“Strangely, in 1898, during the Spanish-American War, the army rejected me, a freshman then at Harvard, because of a weak heart. Apparently, at thirty-nine, I had staged a comeback.”

In February 1918, Vanderbilt passed an exam and obtained his Master’s certificate. Later, advanced endorsements made his certificate “good for all oceans and unlimited tonnage.”

In 1928, he purchased the motor yacht Ara, a refitted French warship built originally for the British Navy.

From an article on the Ara voyage in The New York Sun in 1929: “Paris, April 12 — William K. Vanderbilt and Mrs. Vanderbilt are pausing here on one of the most interesting around-the-world cruises ever undertaken. Other yachtsmen have circled the globe in their own ships, but Mr. Vanderbilt is no mere passenger — he is the master of his 213-foot motor yacht Ara and employs no captain. He attends to all matters of navigation himself and takes all responsibility himself for the safety of his ship and complement of over forty persons.

“Mr. Vanderbilt has three watch officers to help work the ship, but in stormy weather it he is who remains on the bridge, and who performs the other fatiguing duties that go with command of a vessel.

“However, this is no novelty for him. For fifteen years, he has been a licensed master, qualified to sail any ocean, and he holds the rank of lieutenant-commander in the United States Naval Reserve. The Ara carries several guns, but her owner made it clear today these were used solely for saluting. He strongly believes in the efficacy of a friendly approach.”

Visit the Suffolk County Vanderbilt Museum, 180 Little Neck Road, Centerport through the holidays to view more photos of William K. Vanderbilt’s adventures including a photo of him as a child with his parents and grandparents on a ship on the Nile; of him at various ages with his cars and large marine specimens; and with the crew of the Alva, in the Ship Model Room of the Memorial Wing in the mansion. For more information, call 631-854-5579 or go to www.vanderbiltmuseum.org.

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Pictured from left are judge Ed DeCorsia; WMHO Education Outreach Manager Sara Viola; judge Gerry Saulter; finalists Paul Foschino, Christy Jean, Claire Lindsey, Thomas Foschino and Jessica Nunez; WMHO Director of Development Gabrielle Lindau; and Scott Sanders of Shea & Sanders Real Estate. Photo from WMHO
LIGT winner Paul Foschino with Scott Sanders of Shea & Sanders Real Estate and Gabrielle Lindau, WMHO Director of Development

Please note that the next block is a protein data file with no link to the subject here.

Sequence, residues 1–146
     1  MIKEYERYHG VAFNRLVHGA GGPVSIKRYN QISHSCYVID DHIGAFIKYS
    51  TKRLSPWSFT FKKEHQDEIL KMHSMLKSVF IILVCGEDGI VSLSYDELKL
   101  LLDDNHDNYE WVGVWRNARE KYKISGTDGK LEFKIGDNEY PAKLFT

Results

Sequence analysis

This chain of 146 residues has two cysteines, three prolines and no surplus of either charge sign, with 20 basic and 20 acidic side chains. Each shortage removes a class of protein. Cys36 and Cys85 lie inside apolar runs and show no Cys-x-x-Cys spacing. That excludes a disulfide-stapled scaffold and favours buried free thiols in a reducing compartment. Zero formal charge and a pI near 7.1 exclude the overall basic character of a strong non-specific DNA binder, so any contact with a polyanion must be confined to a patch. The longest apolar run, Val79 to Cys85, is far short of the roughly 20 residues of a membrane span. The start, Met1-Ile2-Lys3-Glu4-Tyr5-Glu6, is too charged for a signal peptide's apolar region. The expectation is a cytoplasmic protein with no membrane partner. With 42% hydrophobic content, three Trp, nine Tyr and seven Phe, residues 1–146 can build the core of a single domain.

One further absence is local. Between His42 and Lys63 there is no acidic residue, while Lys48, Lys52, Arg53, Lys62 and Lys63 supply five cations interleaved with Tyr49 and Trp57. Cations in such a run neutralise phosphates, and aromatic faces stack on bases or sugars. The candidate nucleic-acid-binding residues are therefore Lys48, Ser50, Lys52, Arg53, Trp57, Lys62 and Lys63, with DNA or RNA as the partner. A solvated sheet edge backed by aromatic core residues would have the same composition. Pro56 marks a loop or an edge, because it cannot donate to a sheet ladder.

Ward Melville Heritage Organization’s Educational & Cultural Center in Stony Brook Village hosted the Long Island’s Got Talent finals on Nov. 3. The evening was sponsored by Shea & Sanders Real Estate, Five Towns College, Rocco J. Morelli DDS of Water’s Edge Dental and the Green Towers Group. Created by WMHO’s Youth Corps, the annual event was open to students from ages 10 to 17 who live in Nassau or Suffolk County.

Five finalists performed in concert in front of a live audience, and the winners were chosen by a panel of judges including Gerry Saulter of the Five Towns College Music Department; performance veteran, Ed DeCorsia of New York’s Most Dangerous Big Band; and Leer Leary, who has been seen and heard in countless TV shows/films, commercials and is a member of Blackfriars Shakespeare Company.

First place was awarded to 14-year-old Paul Foschino, a vocalist and pianist from Bohemia; second place went to vocalist Christy Jean, age 15, of Brentwood; while vocalist Jessica Nunez, a 12-year-old from Wantagh, garnered third place. Vocalist, pianist and guitarist Claire Lindsey, a 13-year-old from Centerport, was awarded fourth place while vocalist/guitarist Thomas Foschino, age 16, from Bohemia received fifth place. Congratulations!

Lifestyle modifications, particularly switching to plant-based diets, are effective tools in reversing diabetes.
Antioxidants in foods may reduce diabetes risk

By David Dunaief, M.D.

Type 2 diabetes continues to be an epidemic that is monopolizing health care budgets. According to the Centers for Disease Control and Prevention, the incidence of diabetes has tripled in the last 20 years (1). We need a plan to prevent the disease and to reverse its course.

In medicine, our arsenal of drug therapies has grown considerably, but there are unpleasant side effects. Drugs have even been shown to reduce cardiovascular disease in diabetes patients, which is the number one reason that patients die.

However, there is nothing potentially more powerful with beneficial side effects than lifestyle modifications, especially diet and exercise. And when it comes to reversal, lifestyle modifications are the only potential source.

Two large observational studies, the Adventist Health Study 2 and the EPIC trial, have shown the considerable prevention abilities of diet. In terms of reversal, several studies with a plant-based diet, including one run by Dr. Neal Barnard and another that I published with Dr. Joel Fuhrman, indicate its efficacy. These are backed up by additional anecdotal stories from my clinical experience over an 11-year period.

Let’s look at the research.

Prevention of diabetes with diet

Lifestyle modifications, particularly switching to plant-based diets, are effective tools in reversing diabetes.

A recently published prospective study of the E3N EPIC trial showed considerable benefit from the antioxidant capacity of foods including fruits, vegetables and tea (2). Those who consumed the highest quintile of antioxidants reduced their diabetes risk 39 percent compared to the lowest quintile. After adjusting for weight loss, there was still a statistically significant 27 percent reduction. Interestingly, fruits had the greatest impact with a 23 percent decrease in risk, and vegetables followed with a 19 percent decrease.